Ephebeia

The following article is from The Great Soviet Encyclopedia (1979). It might be outdated or ideologically biased.

Ephebeia

 

in ancient Greece, a state institution organized to train freeborn youths between the ages of 18 and 20 for military and administrative service. The first year of training, which was devoted to sports and the acquisition of military skills, was carried out under camp conditions; the second year was taken up by garrison and other forms of guard duty. The ephebeia in Athens, in contrast to that in Sparta, offered instruction in literature, philosophy, and music. After completing his training in the ephebeia, a youth enjoyed all the rights and privileges of citizenship.

REFERENCE

Zhurakovskii, G. E. Ocherkipo istorii antichnoipedagogiki, 2nd ed. Moscow, 1963.
The Great Soviet Encyclopedia, 3rd Edition (1970-1979). © 2010 The Gale Group, Inc. All rights reserved.
References in periodicals archive ?
Citizen are males, born of Athenian parents, who did two years of military service ("ephebeia").
Polinskaya (2003, 14n14) therefore distinguishes a broader notion of the ephebe from its association with the ephebeia institutionalized by Lycurgus in the second half of the fourth century BCE, defining ephebes in this sense "as an age-group, from the onset of puberty to twenty years of age when young men gained full access to citizenship rights." This more open understanding of ephebic youth has the advantage of remaining specifically definable without relying upon the conflation of theoretical metaphor--"the ephebe is like a marginal outlier"--with historical practice--"the ephebe is a lone hunter cast out into liminal space during the initiatory period" (Polinskaya 2003, 85-86, 91-93).
(17) Polinskaya (2003) raises important questions about Vidal-Naquet's notion of liminal space in the Greek ephebeia, suggesting that the ephebe is a metaphorical outlier and observing that border areas in historical Attica (the region in which Athens was located) were not understood as liminal spaces.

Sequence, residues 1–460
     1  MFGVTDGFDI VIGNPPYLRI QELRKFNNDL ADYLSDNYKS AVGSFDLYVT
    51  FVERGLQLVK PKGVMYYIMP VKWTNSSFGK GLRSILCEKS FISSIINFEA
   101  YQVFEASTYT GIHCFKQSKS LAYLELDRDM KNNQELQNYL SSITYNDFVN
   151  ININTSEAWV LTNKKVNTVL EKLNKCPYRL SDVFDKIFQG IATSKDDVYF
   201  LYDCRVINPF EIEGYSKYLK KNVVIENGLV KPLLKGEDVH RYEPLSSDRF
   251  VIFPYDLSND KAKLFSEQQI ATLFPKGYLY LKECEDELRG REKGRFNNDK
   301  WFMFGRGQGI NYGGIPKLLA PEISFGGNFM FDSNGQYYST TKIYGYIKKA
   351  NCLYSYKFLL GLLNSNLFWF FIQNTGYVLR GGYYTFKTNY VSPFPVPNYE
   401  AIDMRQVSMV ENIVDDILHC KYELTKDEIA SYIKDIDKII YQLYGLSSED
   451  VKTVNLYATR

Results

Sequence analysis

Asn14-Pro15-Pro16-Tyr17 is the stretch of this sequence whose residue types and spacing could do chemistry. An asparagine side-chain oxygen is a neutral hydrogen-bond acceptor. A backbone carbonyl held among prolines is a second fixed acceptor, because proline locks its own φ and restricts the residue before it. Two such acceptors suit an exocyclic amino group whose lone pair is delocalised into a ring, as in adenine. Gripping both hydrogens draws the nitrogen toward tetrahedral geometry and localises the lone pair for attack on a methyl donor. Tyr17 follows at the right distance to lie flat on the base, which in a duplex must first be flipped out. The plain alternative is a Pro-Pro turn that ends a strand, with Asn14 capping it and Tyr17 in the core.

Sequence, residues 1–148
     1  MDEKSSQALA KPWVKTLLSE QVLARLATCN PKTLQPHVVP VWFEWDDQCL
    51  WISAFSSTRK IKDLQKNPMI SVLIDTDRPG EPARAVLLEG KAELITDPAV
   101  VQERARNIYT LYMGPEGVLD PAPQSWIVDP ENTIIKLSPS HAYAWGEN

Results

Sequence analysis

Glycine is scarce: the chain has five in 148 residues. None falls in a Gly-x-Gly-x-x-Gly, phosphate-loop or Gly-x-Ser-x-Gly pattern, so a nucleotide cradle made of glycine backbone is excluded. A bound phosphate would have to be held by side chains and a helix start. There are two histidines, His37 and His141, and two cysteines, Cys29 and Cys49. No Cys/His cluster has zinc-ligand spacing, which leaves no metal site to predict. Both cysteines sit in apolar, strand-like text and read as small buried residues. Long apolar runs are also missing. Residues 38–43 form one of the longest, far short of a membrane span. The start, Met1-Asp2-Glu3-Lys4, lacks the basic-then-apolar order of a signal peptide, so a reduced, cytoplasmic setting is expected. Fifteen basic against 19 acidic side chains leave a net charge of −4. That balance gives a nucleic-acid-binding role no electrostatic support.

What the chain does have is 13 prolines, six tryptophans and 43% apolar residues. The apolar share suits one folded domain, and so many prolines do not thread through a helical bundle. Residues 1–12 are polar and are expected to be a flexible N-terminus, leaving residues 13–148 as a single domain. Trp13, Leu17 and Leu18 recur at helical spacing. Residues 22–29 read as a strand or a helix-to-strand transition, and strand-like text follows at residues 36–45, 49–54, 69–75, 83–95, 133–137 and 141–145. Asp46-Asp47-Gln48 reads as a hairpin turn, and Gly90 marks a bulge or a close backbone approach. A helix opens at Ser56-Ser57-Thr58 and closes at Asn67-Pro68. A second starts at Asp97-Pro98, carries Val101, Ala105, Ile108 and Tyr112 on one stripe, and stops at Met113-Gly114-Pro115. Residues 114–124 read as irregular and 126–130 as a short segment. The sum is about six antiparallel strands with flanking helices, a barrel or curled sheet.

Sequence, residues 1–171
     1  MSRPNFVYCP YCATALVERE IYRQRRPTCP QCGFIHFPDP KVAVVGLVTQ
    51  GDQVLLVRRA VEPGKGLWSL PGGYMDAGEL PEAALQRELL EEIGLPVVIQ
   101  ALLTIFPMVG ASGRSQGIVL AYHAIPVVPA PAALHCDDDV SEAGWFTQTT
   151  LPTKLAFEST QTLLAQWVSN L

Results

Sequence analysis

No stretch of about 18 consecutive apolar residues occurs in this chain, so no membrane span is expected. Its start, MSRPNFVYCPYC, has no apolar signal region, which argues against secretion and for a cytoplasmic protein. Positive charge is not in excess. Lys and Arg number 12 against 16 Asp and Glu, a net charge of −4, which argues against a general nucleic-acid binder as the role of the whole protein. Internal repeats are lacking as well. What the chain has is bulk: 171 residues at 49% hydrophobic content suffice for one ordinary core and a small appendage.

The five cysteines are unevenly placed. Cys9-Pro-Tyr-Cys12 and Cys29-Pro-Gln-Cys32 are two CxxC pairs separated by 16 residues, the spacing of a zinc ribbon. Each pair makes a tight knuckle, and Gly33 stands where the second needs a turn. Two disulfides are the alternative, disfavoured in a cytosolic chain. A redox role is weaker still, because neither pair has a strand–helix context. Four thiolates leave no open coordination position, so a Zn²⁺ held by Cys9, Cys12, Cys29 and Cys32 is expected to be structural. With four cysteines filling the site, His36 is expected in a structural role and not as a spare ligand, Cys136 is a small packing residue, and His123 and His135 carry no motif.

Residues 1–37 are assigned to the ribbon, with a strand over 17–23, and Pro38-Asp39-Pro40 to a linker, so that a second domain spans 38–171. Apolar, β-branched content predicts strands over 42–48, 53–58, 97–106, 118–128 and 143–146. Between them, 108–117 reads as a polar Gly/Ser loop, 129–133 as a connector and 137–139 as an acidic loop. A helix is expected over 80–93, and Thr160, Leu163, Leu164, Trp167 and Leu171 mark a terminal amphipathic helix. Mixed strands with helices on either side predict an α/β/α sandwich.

Christ 2001:416-418), and the introduction of a more centralised and formal type of training, such as the Athenian ephebeia, aimed at providing specific training in [TEXT NOT REPRODUCIBLE IN ASCII] (see Arist.
The spread of ephebic institutions throughout the Hellenistic world has puzzled scholars for a long time, since the ephebeia seems to have instilled in the young men the ideal of the traditional hoplite citizen, while the actual fighting was in the hands of mercenaries and other professional soldiers.
What about the Boule or the Ephebeia (or the Gardens of Adonis, for example)?
The ephebeia, on the other hand, is well represented both by inscriptions listing ephebes and by the numerous representations of youths in Athenian iconography.
Although the institution of ephebeia in Athens is restricted to male youths, the term [TEXT NOT REPRODUCIBLE IN ASCII.] refers to the celebration upon reaching adolescence, and is related to [TEXT NOT REPRODUCIBLE IN ASCII.], as in hair of pubes, including [TEXT NOT REPRODUCIBLE IN ASCII.].
Delia is, however, almost certainly correct to argue that Alexandrian citizenship had only the formal requirement of registration in a deme and tribe,(10) though it may still have been expected that an Alexandrian would perform the ephebeia and so membership of the gymnasium could be taken as circumstantial evidence for citizenship.
Delia, Alexandrian Citizenship during the Roman Principate (Atlanta, 1991), 71 is probably right to point out that performing the ephebeia in Alexandria was not a necessary qualification for becoming an Alexandrian citizen.
It emerges that the gymnasium of Beroia was devoted solely to athletic and military exercises and not also to cultural activities, as was the case with the contemporary phase of the Athenian ephebeia. Since this is also true of other gymnasia of the Greek world, it is proper to use these inscriptions for commentary on the Beroia law.